Two Blacks throw in hats for U.S. presidency
10/25/2012, 5:30 a.m.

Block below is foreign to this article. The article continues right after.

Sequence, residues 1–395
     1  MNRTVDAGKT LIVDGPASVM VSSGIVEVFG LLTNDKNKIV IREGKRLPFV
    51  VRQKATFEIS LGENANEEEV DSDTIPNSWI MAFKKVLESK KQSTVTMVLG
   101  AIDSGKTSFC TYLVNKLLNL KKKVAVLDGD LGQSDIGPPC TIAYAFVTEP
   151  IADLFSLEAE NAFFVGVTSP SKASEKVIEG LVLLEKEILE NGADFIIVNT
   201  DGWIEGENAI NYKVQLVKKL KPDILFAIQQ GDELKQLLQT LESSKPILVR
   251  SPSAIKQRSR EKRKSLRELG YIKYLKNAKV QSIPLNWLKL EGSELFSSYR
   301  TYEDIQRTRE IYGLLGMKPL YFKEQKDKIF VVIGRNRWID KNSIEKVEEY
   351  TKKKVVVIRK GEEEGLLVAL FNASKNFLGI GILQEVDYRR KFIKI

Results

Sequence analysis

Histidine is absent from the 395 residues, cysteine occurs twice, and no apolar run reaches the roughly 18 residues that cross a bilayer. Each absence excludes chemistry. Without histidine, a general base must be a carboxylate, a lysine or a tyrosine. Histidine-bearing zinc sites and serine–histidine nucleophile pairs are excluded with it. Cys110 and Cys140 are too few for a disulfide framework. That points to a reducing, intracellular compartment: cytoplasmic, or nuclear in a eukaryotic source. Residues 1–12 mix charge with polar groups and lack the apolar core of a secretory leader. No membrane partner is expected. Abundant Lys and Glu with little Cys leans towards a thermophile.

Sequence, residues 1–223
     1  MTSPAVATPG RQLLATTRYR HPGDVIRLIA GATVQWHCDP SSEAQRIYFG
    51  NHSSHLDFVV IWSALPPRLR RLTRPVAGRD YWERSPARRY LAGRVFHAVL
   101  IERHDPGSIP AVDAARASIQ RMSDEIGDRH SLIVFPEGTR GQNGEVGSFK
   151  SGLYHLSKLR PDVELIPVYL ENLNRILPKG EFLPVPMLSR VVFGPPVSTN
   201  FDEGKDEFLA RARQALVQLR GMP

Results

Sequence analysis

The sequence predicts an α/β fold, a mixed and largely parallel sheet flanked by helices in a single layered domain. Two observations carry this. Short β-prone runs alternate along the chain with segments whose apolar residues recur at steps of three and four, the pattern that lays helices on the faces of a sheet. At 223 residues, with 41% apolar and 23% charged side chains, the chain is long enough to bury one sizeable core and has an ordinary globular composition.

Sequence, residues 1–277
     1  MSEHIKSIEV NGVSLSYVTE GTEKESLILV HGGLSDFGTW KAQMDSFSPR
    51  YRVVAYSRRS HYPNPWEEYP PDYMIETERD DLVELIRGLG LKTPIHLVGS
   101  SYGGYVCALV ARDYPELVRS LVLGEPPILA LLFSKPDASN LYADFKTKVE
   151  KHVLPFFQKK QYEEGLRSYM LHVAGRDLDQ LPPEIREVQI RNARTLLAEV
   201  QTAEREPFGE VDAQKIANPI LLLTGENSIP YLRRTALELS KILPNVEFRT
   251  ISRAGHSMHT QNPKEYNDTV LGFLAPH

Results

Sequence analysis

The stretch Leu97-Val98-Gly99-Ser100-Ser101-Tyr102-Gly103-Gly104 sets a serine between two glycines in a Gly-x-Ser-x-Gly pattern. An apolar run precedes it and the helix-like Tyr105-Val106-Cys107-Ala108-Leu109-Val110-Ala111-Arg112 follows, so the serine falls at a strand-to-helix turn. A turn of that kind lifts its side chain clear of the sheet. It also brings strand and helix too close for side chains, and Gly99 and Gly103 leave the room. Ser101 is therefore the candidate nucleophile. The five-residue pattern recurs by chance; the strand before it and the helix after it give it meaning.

Third party candidates want radical views heard Four years ago, the election of Barack Obama as the first Black president of the U.S., was hailed as a groundbreaking moment in history. But many people may have been unaware that Obama was not the only Black running for the highest office in the land in 2008. Former Congressperson Cynthia McKinney ran against Obama and the Republican nominee John McCain as the Green Party candidate that year. This year, there are three Black candidates for President of the U.S. that voters in Miami-Dade County will see on their ballots in a few weeks. President Obama, of course, is one but who are the others and what are their campaigns all about? Peta Lindsay is the Party for Socialism and Liberations nominee; Stewart Alexander is the Socialist Party USAs candidate. Each has their own unique story. Both were born back east but eventually settled in California. Alexander is in his early 60s while Lindsay is barely 20-years-old. However, when it comes to political party affiliation, both are Socialists who see little difference between the choices offered by the Democrats and Republicans. I dont see any fundamental difference between the two parties, Alexander said. We stand very left of the Democratic party they dont truly represent the working class people. We live in a democracy for the rich, said Lindsay, whose platform has a different take on the oft-repeated issue of job creation. Our campaigns number one point is to make having a job a constitutional right. Her campaign also calls from immediate cancellation of student debts. For both candidates, race is an issue that cannot be ignored. You are living in a fantasyland if you dont think that racism exists, Lindsay said. An understanding of this deeply-entrenched institutionalized racism affects what Stewart calls proportional representation, who wants to, if elected, make certain that economically-depressed communities will be represented fairly. This speaks to an important plank in Lindsays campaign. Change comes from the people, she said. There still has not been a bailout for the people. Both agree that the poor are being left behind. With billions of dollars being spent by both the Republican and Democratic parties for just the presidential campaigns, and both Lindsay and Stewart having very limited financial support (Stewart said that his campaign has raised a total of approximately $10,000), does either nominee see themselves as a serious candidate? I am serious in the respect that if I were in the Oval Office I could do the job, Stewart said. I am seriously addressing the issues. For Lindsay, who draws motivation from the fact that African-Americans have historically been at the forefront of the struggle for democracy in this country, the question takes on an added dimension. The U.S. Constitution currently requires that a person must be at least 35 years old to be president but she has not yet reached 30. Less than one hundred years ago, it was illegal for women to even vote and before that no Black person could vote, said Lindsay who, like Stewart, is committed to focusing more on the issues than the odds against them winning in November. By Jos Prezjperez@miamitimesonline.com